BOBBED HAIR IN ROME
Hairdressers must have been as highly skilled and as well remunerated in ancient Rome as members of that prosperous clan are today, judging by the elaborate coiffeurs of Roman empresses shown in a series of portrait busts that have just appeared in Art and Archaeological, the journal of the Archaeological Society of Washington.
The styles of coiffure represented in the period from 50 B.C. to 300 A.D. ranged from an ultra-modern-looking bob of tight thick curls to an elaborate coronet arrangement of twists and braids that could hardly have all grown on the ladys own head, according to Miss Ernestine F. Leon, who is conducting this research on the tonsorial art of antiquity.
AZTEC TOMBS DISCOVERED
Excavations on the Aztec pyramid of Tenayuca on the Valley of Mexico by the Department of Archaeology of the Mexican Ministry of Education this year have disclosed a curious sepulcher and have brought to light altogether 95 serpents hewn of stone set like soldiers around the pyramid walls to guard the sacred edifice.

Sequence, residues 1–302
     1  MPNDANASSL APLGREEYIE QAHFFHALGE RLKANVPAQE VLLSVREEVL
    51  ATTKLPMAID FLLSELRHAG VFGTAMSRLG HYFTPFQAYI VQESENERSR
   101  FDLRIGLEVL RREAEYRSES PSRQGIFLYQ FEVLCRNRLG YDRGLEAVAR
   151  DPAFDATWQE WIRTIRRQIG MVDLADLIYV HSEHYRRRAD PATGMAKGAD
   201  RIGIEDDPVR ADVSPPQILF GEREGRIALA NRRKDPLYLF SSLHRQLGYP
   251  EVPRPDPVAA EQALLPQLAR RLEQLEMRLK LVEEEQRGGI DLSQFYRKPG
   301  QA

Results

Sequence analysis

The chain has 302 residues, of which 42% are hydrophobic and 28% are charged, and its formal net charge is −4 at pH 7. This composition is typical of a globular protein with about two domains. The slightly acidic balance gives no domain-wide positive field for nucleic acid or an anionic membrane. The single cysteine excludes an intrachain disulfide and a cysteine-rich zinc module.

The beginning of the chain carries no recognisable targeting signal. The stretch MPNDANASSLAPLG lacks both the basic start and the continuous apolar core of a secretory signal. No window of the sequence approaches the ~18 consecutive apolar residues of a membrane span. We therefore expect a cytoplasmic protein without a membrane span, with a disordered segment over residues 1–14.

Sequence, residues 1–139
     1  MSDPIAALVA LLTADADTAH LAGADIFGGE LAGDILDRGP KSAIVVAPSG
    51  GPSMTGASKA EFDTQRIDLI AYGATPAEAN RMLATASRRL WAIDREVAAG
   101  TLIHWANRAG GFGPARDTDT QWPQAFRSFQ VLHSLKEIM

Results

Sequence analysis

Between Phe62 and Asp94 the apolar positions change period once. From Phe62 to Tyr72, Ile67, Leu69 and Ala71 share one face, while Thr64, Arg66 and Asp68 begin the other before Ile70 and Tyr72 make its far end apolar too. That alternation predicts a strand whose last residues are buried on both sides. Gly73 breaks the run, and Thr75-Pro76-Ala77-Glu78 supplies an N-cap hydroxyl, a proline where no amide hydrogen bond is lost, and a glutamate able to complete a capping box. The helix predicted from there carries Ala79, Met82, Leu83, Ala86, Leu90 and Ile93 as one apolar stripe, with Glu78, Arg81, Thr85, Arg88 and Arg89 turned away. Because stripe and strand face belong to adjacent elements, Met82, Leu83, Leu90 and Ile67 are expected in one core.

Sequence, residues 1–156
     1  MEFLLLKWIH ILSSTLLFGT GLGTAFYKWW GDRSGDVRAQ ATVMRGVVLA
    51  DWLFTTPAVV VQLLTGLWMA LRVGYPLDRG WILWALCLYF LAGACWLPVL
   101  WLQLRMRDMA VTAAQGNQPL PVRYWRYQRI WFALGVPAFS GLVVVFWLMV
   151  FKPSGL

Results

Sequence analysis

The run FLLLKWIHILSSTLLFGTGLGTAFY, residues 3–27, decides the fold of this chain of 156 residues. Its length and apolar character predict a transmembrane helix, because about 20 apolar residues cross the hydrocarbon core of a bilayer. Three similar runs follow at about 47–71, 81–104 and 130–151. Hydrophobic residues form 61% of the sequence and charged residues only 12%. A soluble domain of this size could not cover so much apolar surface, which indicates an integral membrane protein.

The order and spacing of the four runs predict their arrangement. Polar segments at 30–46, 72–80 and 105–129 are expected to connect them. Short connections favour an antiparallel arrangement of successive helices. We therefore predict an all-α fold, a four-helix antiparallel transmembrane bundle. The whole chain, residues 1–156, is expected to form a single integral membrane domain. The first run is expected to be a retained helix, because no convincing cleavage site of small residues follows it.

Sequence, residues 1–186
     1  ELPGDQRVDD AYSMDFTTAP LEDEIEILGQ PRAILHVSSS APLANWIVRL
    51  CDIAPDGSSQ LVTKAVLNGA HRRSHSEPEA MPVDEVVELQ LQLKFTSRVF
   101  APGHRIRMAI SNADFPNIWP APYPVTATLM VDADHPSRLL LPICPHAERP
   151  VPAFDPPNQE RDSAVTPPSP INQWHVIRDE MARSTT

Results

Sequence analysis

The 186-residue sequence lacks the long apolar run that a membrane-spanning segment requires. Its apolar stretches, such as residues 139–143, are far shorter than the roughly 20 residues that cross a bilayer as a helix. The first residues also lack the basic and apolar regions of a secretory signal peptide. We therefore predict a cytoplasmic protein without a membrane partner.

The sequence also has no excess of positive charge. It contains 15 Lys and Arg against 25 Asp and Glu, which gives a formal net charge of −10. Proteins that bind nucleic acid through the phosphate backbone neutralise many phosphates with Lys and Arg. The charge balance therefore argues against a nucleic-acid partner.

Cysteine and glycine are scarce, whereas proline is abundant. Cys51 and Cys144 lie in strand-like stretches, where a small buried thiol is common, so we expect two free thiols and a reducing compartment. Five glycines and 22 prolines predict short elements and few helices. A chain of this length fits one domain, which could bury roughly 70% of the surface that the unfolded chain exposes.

NOVA AND TWO COMETS
Discovery by the same two astronomers of a nova, or "new" star, and a new comet, within three days, is a new astronomical record which was made last week at the Hamburg Observatory at Bergedorff, Germany. According to cables received at the Harvard College Observatory, which acts as the American clearinghouse for announcements of astronomical discoveries, Dr. A. Schwassman and his associate, Dr. Wachmann, set this record.
copyright 1997 Science Service